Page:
Like many of his clients, Kinnucan has been given a subpoena as part of the Justice Department’s extensive investigation into insider-trading. Kinnucan, who said he received the information request on Friday morning, said he would respond to the subpoena, which seeks all of Broadbent’s records for the last three years.
Kinnucan became something of minor celebrity—and hero to some—when he declined the FBI’s request to cooperate with the investigation and to wear a wire in conversations with one of his clients, reportedly SAC Capital Advisors. Unfortunately, the scrutiny placed on him—and other providers of “expert networks”—has forced him to shut down Broadbend. Kinnucan said he won’t even be hiring a lawyer to handle the subpoena because he can’t afford one.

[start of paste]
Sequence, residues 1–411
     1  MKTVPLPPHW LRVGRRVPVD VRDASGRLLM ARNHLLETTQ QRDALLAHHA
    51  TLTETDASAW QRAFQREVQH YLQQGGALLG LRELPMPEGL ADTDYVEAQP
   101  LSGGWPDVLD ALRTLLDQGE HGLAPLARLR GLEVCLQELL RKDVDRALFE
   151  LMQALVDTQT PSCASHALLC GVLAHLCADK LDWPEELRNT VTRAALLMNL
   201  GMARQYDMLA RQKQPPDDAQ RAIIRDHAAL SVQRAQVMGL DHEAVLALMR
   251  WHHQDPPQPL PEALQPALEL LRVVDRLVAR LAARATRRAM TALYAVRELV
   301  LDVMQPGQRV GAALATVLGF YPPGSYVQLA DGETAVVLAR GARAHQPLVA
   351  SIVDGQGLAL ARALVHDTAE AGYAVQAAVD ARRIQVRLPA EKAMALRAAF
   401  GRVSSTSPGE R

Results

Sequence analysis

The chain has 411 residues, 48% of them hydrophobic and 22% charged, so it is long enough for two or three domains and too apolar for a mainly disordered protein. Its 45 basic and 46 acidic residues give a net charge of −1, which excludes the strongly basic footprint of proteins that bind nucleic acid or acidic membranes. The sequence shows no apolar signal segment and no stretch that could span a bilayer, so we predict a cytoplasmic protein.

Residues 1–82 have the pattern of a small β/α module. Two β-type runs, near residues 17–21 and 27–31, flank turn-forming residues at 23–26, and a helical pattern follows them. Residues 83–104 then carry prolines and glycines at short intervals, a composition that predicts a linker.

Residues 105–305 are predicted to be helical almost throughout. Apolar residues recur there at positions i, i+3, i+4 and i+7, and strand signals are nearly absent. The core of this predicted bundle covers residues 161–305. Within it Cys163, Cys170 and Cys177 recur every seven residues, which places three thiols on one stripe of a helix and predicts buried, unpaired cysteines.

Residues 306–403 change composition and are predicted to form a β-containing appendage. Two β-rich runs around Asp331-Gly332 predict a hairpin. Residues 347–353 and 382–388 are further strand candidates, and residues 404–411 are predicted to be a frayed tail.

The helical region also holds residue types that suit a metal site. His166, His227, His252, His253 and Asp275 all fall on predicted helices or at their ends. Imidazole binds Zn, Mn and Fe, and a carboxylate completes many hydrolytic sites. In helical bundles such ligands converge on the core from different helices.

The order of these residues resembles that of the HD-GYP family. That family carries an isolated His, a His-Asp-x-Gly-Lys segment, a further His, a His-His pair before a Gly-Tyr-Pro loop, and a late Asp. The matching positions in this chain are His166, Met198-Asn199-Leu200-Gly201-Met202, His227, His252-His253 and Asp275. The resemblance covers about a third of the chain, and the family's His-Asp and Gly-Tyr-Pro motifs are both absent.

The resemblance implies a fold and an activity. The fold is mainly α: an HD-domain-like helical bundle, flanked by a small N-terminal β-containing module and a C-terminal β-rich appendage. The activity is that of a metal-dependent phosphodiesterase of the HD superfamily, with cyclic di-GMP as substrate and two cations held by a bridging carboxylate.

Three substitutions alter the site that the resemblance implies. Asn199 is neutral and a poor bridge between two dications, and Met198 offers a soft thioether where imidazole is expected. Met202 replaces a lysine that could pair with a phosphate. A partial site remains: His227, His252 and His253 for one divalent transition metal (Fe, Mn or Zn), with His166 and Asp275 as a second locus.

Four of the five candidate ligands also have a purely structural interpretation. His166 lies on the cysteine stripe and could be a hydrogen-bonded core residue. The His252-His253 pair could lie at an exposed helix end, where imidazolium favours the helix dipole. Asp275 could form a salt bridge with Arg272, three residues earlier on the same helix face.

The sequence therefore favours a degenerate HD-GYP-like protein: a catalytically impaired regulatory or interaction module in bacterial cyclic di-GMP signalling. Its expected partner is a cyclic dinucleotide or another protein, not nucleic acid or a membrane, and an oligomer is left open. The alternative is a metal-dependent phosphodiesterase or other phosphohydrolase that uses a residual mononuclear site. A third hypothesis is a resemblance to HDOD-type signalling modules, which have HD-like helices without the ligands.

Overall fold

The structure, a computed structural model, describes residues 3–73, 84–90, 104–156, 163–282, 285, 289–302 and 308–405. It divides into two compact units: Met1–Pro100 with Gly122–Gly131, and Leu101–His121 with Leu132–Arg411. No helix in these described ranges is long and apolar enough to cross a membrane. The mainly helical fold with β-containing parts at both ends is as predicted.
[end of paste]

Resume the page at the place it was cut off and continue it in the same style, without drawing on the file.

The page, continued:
He told Reuters that he has set up a legal defense fund and asked his former clients to contribute, but that none have. Some are perhaps upset with the e-mail he sent after his first visit from the FBI announcing his refusal to cooperate.
It seems Kinnucan failed to utilize the blind carbon copy option, allowing the 50 recipients to see who else got the e-mail. It also allowed someone with a copy of the e-mail to give the names to Reuters, which reports that the recipients included people at hedge funds Coatue Management, Citadel Investment Group, Maverick Capital and SAC, as well as Ameriprise Financial and Sonar Capital Management. As many as five employees of mutual fund firm Wellington Management also got the e-mail.